6. The Female Orgasm Can Result In Squirting

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The Independent UK reported that squirting is real, and that female ejaculate is different from urine. The United States Library of Medicine published a study out of the Mount Sinai School of Medicine indicating that Skene's glands  produce female ejaculate, which has it very own biological constitution. Your Skene's glands are located below the bladder and surrounding the urethra. For the umpteenth time — female ejaculate is not pee.

7. The Female Orgasm Lasts Less Time Than You Think

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According to Cosmopolitan UK, the average female orgasm lasts about seven seconds. However, for some lucky women, an orgasm can last up to 20 seconds. And according to Shape, you're more likely to have multiple orgasms after you've had at least one. So, keep breathing and expecting pleasure. It can happen.

8. The Female Orgasm Starts In The Brain

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You probably know that the brain is the most important sex organ in your body, for many reasons, your naughty imagination being only one. Women's Health reported that when you're aroused, your hippocampus gets activated like crazy. Additionally, "the cerebellum triggers tension in your thighs, butt, and abs, while the frontal cortex," the article reported. As you approach orgasm, your hippocampus releases oxytocin that causes uterine contractions, which feel oh so good.

9. The Female Orgasm Can Be More Intense When You're In Your Fertile Window

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During your fertile window, or when you're ovulating, your physiology changes, making your horny. According to the American Pregnancy Association, when you ovulate, your cervical fluid increases and gets really wet and slippery. The wetter you are, the more intense your orgasm. You don't have to rely on Mother Nature for this one; that's what lube is for.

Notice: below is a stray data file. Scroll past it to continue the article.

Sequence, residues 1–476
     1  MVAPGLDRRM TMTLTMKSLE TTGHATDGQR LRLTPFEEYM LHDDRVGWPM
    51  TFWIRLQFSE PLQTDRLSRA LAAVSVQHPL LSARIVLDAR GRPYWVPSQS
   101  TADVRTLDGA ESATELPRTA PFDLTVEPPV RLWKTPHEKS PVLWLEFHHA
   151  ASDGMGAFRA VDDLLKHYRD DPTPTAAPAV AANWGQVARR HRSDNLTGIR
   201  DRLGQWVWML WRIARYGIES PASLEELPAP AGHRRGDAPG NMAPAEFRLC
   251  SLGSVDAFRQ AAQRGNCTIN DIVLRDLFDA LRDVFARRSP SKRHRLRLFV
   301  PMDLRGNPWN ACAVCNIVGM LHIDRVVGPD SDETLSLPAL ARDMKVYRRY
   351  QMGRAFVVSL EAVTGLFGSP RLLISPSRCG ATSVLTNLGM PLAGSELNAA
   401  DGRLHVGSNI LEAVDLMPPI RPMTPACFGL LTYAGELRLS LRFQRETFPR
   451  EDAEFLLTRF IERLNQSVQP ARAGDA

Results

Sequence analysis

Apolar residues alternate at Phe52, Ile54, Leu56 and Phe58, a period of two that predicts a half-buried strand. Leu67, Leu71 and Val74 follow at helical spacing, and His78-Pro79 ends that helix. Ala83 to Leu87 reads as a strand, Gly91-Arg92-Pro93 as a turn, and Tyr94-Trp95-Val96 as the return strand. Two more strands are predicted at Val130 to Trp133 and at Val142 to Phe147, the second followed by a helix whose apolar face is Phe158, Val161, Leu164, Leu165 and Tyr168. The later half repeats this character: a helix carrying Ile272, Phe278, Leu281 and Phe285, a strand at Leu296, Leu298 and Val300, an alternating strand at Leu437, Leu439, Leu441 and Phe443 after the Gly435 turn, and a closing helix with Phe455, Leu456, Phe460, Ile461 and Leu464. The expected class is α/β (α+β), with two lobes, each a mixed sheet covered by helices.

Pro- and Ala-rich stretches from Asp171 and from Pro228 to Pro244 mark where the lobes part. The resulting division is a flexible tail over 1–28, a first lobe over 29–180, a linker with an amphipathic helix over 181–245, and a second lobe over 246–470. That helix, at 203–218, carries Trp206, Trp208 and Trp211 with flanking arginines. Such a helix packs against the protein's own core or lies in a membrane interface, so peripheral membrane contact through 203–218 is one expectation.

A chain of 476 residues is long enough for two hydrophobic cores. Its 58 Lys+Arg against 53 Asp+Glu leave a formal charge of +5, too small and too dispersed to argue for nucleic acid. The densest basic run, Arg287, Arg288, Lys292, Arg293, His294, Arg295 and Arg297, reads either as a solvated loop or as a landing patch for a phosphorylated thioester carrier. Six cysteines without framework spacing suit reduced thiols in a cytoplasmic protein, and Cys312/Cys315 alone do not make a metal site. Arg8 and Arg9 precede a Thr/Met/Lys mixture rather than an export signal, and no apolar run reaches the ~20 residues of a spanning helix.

10. The Female Orgasm Can Help You Conceive

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Getting off during sex might help you get pregnant. The uterine contractions of your orgasm can help propel the sperm to the egg. But, orgasm is clearly not a must for baby making.

11. The Female Orgasm Can Occur During Childbirth

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According to Live Science, a very small percentage of women can orgasm during childbirth. But sexual arousal is probably not first and foremost in your mind when you're in the delivery room.

12. The Female Orgasm Can Occur When You're Working Out

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The Huffington Post noted that 10 percent of women climax during exercise, which is all the motivation I need to use my class pass. There's even a scientifically designed workout called The Coregasm Workout, designed by Dr. Debby Herbenick that teaches you how to have an exercise-induced orgasm.

The Coregasm Workout, $10, Amazon

13. The Female Orgasm Can Be Made More Intense If You Moan

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Just like cats meow when being petted, some women moan during sex, noted Go Ask Alice. Not only does this indicate you're enjoying yourself, but high-pitched moans bring sexual energy to your chest, throat, and head, while lower-pitched sounds bring the heat to your genitals, according to Coed.com, a sex education website for women in college.

14. The Female Orgasm Is Hampered By Anxiety

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Tons of women have anxiety about orgasming, noted Psychology Today. Unfortunately, the more you stress it, the more unlikely you are to achieve it. In fact, so-called "orgasm anxiety" can take you out of your body and trap you in your head. To nip orgasm anxiety in the butt, practice like your life depended on it (sex life, anyway).

15. The Female Orgasm Can Increase Your Pain Threshold

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Bringing new meaning to the phrase, "it hurts so good," is the science that says the female orgasm can increase your pain threshold, or so reported The Atlantic. Scientists continue to study how the female orgasm can dull pain, and that's some research I can get behind.